Why is this good news? First, even though they don't mention it, it gives Tesla more capital. Daimler now has a 10% share of Tesla, which has got to be a good chunk of change. Probably more than that, having Daimler behind them gives Tesla a tremendous boost in credibility, which can only help when Tesla seeks funding.

A second benefit Daimler brings is the renown Mercedes engineering. Daimler's expertise should help Tesla produce high quality vehicles. It should also help them bring cars to market more quickly and efficiently.

A third benefit is that we may see quality electric vehicles sooner than expected. Daimler has already produced the innovative and inexpensive Smart Car. They are working on an electric Smart. They plan to use Teslaa's battery technology to bring the electric drive (ED) Smart out at the end of this year. The plan is to use Tesla's battery until their own battery is up-to-speed in a couple of years. (Meanwhile Tesla and Daimler will share battery technology to improve both their products.)

The ED Smart will go 70mph and get about 80 miles on a charge. That's not great but better than most. It also makes it highway capable. For example, it would definitely get me all over the Antelope Valley where I live and it would probably allow me to make the 70 mile one-way commute to Woodland Hills where I work. I would expect to see the ED Smart numbers improve as batteries improve.

Current U.S. Smart prices start under $12k. Even with an ED premium that should mean the ED Smart will be under $20k, hopefully under $15k. That would make them very affordable.

Cheap, usable electric cars in a year or two. That would be impressive!

Tuesday, May 12, 2009

Why Swine Flu Hype is a Good Thing

Swine flu has scared billions and killed, uh, tens. (In Mexico 58, in the U.S.  five) Meanwhile normal flu kills about 36,000 every year in the U.S. alone. So swine flu is well hyped.

Why is this good? Carolina and I normally go somewhere on our anniversary. Twice, on our special 20th and 25th we saved enough to go on cruises. This year we were going to go to Vegas for four days. With the swine flu scare we can now go on a five-day cruise for about the same price. Woohoo! Party in Cabo!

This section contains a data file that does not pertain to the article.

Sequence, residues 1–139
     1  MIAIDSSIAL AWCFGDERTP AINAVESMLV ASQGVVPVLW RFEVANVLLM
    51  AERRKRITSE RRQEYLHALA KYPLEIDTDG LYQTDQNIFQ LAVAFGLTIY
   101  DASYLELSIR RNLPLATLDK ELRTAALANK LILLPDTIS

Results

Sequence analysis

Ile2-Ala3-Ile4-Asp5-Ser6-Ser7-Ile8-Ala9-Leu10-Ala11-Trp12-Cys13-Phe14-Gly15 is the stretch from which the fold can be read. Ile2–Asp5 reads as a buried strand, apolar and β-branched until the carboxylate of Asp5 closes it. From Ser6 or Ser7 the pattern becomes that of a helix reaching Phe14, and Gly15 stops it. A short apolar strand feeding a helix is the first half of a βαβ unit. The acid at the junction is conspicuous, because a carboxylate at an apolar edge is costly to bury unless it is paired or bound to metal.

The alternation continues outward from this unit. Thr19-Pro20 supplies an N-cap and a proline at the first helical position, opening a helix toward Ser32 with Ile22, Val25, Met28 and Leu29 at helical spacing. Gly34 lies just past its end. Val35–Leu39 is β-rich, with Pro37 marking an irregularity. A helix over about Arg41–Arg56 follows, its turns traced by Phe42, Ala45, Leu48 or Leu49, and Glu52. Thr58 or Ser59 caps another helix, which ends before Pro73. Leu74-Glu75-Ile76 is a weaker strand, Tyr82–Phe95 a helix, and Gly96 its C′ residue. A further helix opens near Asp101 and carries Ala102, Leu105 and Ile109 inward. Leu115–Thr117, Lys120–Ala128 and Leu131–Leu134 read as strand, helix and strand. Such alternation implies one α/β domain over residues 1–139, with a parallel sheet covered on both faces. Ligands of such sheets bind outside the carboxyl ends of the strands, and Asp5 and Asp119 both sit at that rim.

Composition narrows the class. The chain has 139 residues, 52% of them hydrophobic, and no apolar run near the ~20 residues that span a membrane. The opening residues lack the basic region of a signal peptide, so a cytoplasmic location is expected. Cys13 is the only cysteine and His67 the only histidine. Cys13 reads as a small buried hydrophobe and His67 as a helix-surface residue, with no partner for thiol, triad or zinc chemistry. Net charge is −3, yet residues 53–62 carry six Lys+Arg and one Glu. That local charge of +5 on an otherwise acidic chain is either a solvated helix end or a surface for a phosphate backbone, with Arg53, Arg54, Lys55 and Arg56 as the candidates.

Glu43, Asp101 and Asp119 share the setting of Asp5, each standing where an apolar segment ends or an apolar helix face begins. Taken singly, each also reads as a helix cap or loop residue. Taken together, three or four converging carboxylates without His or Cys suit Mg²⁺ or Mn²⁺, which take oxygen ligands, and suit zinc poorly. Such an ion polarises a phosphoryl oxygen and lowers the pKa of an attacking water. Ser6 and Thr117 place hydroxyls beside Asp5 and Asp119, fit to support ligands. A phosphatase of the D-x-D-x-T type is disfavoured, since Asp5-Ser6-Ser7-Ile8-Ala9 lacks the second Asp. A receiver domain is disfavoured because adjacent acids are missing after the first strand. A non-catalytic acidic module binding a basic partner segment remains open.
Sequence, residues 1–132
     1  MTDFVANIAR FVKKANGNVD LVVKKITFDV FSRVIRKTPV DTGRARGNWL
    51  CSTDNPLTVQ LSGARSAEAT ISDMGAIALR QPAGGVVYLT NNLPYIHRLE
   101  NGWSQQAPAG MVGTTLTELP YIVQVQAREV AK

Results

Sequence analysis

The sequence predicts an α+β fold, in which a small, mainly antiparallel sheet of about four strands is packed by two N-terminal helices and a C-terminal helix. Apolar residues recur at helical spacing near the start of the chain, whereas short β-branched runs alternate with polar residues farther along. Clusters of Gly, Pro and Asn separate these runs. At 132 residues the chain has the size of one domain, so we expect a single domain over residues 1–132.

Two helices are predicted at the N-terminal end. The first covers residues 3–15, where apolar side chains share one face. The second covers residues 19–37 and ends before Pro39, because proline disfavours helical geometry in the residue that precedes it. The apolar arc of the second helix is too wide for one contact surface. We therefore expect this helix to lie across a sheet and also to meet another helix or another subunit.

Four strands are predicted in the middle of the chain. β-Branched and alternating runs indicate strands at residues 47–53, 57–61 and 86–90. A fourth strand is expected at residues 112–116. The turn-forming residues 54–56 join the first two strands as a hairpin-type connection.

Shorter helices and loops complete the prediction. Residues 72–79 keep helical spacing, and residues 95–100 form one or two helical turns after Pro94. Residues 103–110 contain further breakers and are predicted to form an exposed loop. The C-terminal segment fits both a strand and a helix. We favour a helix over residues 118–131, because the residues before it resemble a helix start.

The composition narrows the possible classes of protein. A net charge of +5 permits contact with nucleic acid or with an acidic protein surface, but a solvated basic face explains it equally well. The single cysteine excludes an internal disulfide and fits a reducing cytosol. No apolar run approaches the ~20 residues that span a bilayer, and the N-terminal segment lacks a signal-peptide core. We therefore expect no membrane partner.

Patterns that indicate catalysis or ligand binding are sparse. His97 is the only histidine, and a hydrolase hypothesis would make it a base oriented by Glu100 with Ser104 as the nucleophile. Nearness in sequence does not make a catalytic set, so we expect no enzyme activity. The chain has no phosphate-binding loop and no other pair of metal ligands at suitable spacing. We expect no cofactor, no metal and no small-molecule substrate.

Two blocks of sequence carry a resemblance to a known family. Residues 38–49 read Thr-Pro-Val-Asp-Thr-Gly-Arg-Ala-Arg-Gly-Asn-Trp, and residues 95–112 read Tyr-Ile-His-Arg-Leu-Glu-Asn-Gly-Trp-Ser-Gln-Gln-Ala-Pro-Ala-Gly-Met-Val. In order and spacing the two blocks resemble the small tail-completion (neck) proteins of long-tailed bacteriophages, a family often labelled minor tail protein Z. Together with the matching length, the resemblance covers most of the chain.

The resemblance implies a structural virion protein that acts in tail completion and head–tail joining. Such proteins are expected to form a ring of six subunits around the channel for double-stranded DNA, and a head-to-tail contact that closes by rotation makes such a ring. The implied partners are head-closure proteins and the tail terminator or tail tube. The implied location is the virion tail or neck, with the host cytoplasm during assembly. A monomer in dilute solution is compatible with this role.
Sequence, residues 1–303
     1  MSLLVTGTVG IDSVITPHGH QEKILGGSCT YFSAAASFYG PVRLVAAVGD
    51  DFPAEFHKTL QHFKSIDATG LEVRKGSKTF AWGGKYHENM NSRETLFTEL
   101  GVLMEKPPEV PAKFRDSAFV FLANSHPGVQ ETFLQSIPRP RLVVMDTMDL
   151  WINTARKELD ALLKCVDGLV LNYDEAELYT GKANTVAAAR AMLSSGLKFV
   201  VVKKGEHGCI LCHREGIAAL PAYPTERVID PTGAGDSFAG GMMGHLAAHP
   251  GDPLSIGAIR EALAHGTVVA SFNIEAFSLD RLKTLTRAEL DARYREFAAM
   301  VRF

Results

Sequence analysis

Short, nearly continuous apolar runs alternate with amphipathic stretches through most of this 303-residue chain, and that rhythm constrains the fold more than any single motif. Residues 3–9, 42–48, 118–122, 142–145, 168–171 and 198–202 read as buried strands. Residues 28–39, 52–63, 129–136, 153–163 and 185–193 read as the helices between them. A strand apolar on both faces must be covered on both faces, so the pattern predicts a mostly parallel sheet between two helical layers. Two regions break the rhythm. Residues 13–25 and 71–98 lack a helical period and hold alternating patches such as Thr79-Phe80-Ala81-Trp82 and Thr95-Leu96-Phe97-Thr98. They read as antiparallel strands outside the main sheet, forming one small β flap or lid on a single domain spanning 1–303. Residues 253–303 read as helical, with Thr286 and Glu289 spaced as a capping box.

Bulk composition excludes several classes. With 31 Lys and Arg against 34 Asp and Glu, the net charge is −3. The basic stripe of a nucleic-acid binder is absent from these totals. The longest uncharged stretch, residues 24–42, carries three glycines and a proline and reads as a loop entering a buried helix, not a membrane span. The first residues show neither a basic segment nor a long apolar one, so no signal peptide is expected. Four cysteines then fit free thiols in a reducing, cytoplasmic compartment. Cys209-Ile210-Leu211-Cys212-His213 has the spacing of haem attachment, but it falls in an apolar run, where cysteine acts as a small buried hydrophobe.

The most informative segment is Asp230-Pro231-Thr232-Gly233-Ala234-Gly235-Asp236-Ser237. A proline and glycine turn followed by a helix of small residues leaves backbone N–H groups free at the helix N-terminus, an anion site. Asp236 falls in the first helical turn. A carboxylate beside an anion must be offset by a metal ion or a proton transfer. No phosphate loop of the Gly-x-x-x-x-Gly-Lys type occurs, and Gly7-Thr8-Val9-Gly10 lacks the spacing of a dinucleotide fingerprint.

Thursday, April 16, 2009

Wednesday, April 15, 2009

Dazed and confused.

Last post I was all excited about how Facebook would pick up my blogs. Now I'm just dazed and confused. I went through the procedure and my last three posts showed up on my wall. Maybe, if I navigate to my wall correctly. My last post (about Facebook) never showed up. I now have no idea what the heck Facebook is doing. Oh well.

Thursday, April 09, 2009

Facebook and Blog

I found out how to get my blog to post on Facebook. I looked at my wall and it worked.

Here's how to do it. Go to your wall. Just below the "What's on you mind?" box is a row that says "Eric+Friends Just Eric Just Friends" (of course your wall will use your name, not mine). On the right of that line is a Setting button. Push the Setting button.

It should look something like this.

Pick "Blog/RSS". It then asks you to enter the address of your blog.

Now your wall should shows your blog posts as if they were status from you. Go to my profile to see how it works.

Thursday, January 22, 2009

Remata is out!

My flashcard program, Remata, is now out and available.

On and off for the past few years I've worked on a flashcard program to help with my Greek studies. I found a spreadsheet which I upgraded for my own needs. Problem was that I couldn't carry a computer in my pocket and my PDA could not handle the spreadsheet macros. I thought of writing a windows application, but learning all that stuff is complex. I made a web based program, but my PDA browser could not handle the web code either.